The presence of violence and “pack mentality” survival dominate the dystopian visual presentation in Jessica Forever. Chromatically rich landscape shots forge a pleasant background to the multitude of violent and emotive interludes in this first joint directorial from Caroline Poggi and Jonathan Vinel.
The screenplay unearths the fictional story of a futuristic world where brutish orphan males are left roaming on every street corner filled with rage and violence. Jessica, a beautiful, resilient female, is both their leader and rescuer. Attempting to tame their destructive savagery to form a more peaceful collective, her nurturing manner is consistently affirmed throughout the narrative in a purely platonic form.
Whilst the titular protagonist essentially saves these orphans and ultimately expands her unconventional family, the plot also follows the threat they face from the powers that be who want to be rid of them. A mass of deadly drones become the enemy that seek them out, exploring the relation between machine, human and trust within the group.
With no specific year or location given, the beautiful cinematography from Marina Alterns paints dreamy sunsets, gorgeous beaches and a wealthy suburban neighbourhood. The filmmakers hint at a future timeline through their use of drones, the distinct demise of the population and a scattering of sci-fi.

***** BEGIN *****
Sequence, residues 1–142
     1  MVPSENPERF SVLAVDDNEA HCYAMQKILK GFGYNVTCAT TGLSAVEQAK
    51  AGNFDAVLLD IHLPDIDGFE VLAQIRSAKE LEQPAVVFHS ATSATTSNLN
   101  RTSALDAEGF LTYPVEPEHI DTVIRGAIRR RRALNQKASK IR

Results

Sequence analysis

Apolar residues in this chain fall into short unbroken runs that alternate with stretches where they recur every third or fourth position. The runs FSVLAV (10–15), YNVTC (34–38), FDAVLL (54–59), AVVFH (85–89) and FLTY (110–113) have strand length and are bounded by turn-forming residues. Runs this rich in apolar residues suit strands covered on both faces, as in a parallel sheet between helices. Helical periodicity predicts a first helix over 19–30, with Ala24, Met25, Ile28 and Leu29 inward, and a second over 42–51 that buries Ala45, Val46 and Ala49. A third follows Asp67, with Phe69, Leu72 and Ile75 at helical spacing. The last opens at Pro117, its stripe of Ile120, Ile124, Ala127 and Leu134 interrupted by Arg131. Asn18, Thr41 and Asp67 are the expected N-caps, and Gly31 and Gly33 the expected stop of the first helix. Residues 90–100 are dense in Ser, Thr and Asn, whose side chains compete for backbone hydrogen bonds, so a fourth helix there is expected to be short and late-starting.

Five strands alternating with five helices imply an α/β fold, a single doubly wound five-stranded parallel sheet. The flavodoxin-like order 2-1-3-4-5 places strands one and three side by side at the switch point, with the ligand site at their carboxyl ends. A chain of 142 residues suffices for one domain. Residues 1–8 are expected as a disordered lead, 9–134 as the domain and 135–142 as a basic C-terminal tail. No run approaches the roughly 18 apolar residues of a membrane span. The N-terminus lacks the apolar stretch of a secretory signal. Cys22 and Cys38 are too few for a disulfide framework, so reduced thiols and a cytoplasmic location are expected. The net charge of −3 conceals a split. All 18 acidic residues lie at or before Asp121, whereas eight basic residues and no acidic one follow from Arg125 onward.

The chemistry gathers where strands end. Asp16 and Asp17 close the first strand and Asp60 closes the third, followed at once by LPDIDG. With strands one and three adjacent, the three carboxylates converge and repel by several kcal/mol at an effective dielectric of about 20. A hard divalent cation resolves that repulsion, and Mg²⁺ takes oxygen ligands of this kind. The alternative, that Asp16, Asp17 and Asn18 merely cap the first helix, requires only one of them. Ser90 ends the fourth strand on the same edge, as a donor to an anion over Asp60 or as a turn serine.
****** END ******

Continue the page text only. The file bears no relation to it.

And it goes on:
The tale of a female outsider keeps the piece moving along so we access a deeper understanding of the group dynamics and some of their backgrounds. A deliberate move to contain the musical score from composer Ulysse Klotz leaves space for a plethora of natural sounds. The wind, the sea and daily chores like hoovering are broken with the shattering of glass and gunshots, which intentionally amplify the incidents of violence.
The directors’ background in video gaming is apparent throughout the work too. The characters have distinct roles and can escape through this electronic interaction, either as a way of connecting with others in their group, linking to their past or simply achieving a departure from reality. This element will really appeal to a digital generation and there are some beautifully shot VR moments that reflect the genre.
Taking the viewer on a journey of both violence and beauty, the feature highlights mental health and the connection between how we treat each other and the consequences of our actions. Romantic junctures add a gentle addition to the harsh edges of this film, making us contemplate the meaning of family and ultimately the importance of love.
Jessica Forever does not have a UK release date yet.
Read more reviews from our Berlin Film Festival 2019 coverage here.
For further information about the event visit the Berlin Film Festival website here.